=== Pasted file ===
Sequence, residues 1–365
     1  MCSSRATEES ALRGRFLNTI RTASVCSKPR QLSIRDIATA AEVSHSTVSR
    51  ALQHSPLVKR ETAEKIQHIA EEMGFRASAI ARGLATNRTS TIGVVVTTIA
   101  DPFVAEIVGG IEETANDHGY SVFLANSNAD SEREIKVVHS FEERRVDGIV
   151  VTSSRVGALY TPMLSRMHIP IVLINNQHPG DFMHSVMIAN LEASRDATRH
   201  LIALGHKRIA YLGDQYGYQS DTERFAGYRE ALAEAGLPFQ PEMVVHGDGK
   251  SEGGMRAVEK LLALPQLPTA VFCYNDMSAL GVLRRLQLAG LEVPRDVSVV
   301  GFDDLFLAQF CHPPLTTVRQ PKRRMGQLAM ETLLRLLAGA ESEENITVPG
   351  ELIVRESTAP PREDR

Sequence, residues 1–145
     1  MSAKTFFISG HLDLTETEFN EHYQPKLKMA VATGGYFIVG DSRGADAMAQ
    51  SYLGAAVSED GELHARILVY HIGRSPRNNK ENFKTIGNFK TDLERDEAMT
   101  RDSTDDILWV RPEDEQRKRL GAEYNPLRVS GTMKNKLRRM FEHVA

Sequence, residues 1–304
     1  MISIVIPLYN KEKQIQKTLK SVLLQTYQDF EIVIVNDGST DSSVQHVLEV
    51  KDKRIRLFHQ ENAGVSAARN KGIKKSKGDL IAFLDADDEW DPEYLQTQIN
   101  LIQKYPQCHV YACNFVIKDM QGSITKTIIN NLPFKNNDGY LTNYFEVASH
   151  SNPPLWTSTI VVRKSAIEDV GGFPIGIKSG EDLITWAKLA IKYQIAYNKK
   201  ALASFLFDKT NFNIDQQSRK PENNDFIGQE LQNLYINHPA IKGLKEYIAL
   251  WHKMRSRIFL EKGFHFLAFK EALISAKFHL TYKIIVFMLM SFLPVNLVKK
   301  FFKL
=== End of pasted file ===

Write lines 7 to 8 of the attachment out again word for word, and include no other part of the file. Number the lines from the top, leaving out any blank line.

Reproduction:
   251  SEGGMRAVEK LLALPQLPTA VFCYNDMSAL GVLRRLQLAG LEVPRDVSVV
   301  GFDDLFLAQF CHPPLTTVRQ PKRRMGQLAM ETLLRLLAGA ESEENITVPG